Brewster’s time at October Farm overlapped with his tenure as the first president of Mass Audubon, an organization founded by Harriet Lawrence Hemenway and Minna B. Hall. They advocated against the killing of birds for the sale of their feathers and successfully advanced legislation in Massachusetts to prohibit the trade of illegally hunted wildlife. This position marked a turning point in Brewster’s life, because for many years he followed the widely accepted practice of using a shotgun to collect specimens. He shot thousands of birds in the 1870s and 1880s, donating most of them to Harvard. But by 1890, Brewster grew concerned about the visible decline in bird species and population and recognized that this decline was “due chiefly or wholly to systematic persecution on the part of man.”

As an experiment, Brewster vowed not to shoot a single bird at October Farm and embraced alternate methods of observation using binoculars and cameras. He also transitioned from strictly recording empirical data on birds, used in building taxonomies, towards a more descriptive approach focused on animal behavior, songs, and habitats. Such close observation broadened Brewster’s knowledge of the differing bird species in and around Concord.

Bird observation could be a painstaking process, but William Brewster had support from Robert Gilbert, his field assistant and companion. Born in Virginia, Gilbert made his way to Cambridge as a young man and was employed by Harvard Medical School, where he assisted with the care of animals in the laboratories. He was hired by Brewster around 1897 when he was 27 years old. As a Black man, Gilbert’s participation in the field of ornithology was rare for the time; however, he became an experienced and accomplished birder, able to identify different species from both sight and sound.

During a period of 23 years, Robert Gilbert’s duties evolved from general camp manager to skilled ornithological associate. Gilbert is often credited as a landscape photographer, though only a handful of photos are directly attributed to him. It is more apt to say that he was fully involved in documenting the wildlife in and around October Farm. Brewster describes dozens of scenarios where he and Gilbert spent the day taking photographs, and Gilbert was often in charge of staging encounters with birds, locating their nests, and startling them so they could be caught by the camera in midflight. In other cases, he interacted with birds to soothe them. In one incident, a young owl, described as “surly and untamable” finally learned to tolerate Gilbert “and took raw meat from his fingers thanklessly enough but without much active resentment.” Gilbert visited and fed the bird daily for a week, which finally allowed Brewster to photograph the bird up close. After Brewster’s death in 1919, Gilbert went on to work for the Museum of Comparative Zoology and became an Associate of the American Ornithologists’ Union. In one letter to a colleague, Gilbert reminisced about his time with Brewster, which he called “the good old days.”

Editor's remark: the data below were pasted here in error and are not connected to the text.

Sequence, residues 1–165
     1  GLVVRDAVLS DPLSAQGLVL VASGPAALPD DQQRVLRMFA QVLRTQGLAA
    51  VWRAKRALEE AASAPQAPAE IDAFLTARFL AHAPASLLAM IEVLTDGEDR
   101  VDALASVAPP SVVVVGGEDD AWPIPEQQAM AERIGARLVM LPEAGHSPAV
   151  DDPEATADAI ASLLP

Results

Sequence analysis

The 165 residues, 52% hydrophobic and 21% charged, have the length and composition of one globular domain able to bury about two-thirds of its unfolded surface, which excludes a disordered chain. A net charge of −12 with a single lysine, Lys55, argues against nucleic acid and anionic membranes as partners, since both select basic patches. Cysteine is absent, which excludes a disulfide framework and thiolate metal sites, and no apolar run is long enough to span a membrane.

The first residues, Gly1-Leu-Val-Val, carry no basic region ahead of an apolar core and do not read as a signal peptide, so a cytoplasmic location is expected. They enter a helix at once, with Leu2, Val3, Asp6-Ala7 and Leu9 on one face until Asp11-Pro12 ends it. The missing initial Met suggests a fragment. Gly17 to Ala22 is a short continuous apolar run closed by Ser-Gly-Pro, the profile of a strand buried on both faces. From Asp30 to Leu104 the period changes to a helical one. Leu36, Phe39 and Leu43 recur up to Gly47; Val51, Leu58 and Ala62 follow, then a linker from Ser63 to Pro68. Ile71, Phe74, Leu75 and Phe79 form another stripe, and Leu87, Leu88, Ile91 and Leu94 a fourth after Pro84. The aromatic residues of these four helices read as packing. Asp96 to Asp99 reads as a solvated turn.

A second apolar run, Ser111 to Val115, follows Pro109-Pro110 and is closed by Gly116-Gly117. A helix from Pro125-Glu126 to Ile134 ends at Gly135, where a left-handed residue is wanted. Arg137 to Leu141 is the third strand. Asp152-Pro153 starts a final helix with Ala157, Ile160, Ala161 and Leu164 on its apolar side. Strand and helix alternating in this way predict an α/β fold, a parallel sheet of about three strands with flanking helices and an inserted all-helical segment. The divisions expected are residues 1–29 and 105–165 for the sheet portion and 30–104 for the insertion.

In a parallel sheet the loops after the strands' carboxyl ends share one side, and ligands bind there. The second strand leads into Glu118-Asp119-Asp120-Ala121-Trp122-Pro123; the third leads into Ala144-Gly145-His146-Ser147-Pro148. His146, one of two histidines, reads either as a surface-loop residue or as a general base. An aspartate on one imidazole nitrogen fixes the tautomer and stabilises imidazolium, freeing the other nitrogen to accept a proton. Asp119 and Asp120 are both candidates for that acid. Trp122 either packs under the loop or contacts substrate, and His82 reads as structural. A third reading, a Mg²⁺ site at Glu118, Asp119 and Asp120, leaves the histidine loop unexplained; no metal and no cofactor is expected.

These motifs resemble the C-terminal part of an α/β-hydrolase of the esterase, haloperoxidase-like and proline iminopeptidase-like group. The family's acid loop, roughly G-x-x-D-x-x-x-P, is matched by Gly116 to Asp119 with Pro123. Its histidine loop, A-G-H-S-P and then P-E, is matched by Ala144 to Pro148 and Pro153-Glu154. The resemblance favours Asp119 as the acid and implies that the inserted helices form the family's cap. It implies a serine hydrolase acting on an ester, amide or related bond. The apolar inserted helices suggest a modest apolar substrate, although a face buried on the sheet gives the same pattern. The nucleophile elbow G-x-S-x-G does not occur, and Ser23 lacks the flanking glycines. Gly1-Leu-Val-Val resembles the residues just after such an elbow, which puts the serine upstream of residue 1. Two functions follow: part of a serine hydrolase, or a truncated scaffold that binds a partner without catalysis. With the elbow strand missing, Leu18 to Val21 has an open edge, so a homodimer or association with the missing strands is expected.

William Brewster spent his last day in Concord listening to “a glad choir of delightful bird music.” He died two months later in July 1919, but his legacy lives on. Thanks to Brewster, and Henry David Thoreau before him, Concord has one of the longest records of bird arrival dates in North America. More than 200 ornithologists have been active in the area for the last century, inspired by Thoreau and Brewster’s contributions to the field. Selections from Brewster’s journals documenting his time in Concord were published posthumously in October Farm (1936) and Concord River (1937). Just as William Brewster forged a connection to nature during his time in Concord, Brewster’s Woods, forever protected, will now provide even greater opportunities for new generations of birdwatchers. —————————————————————————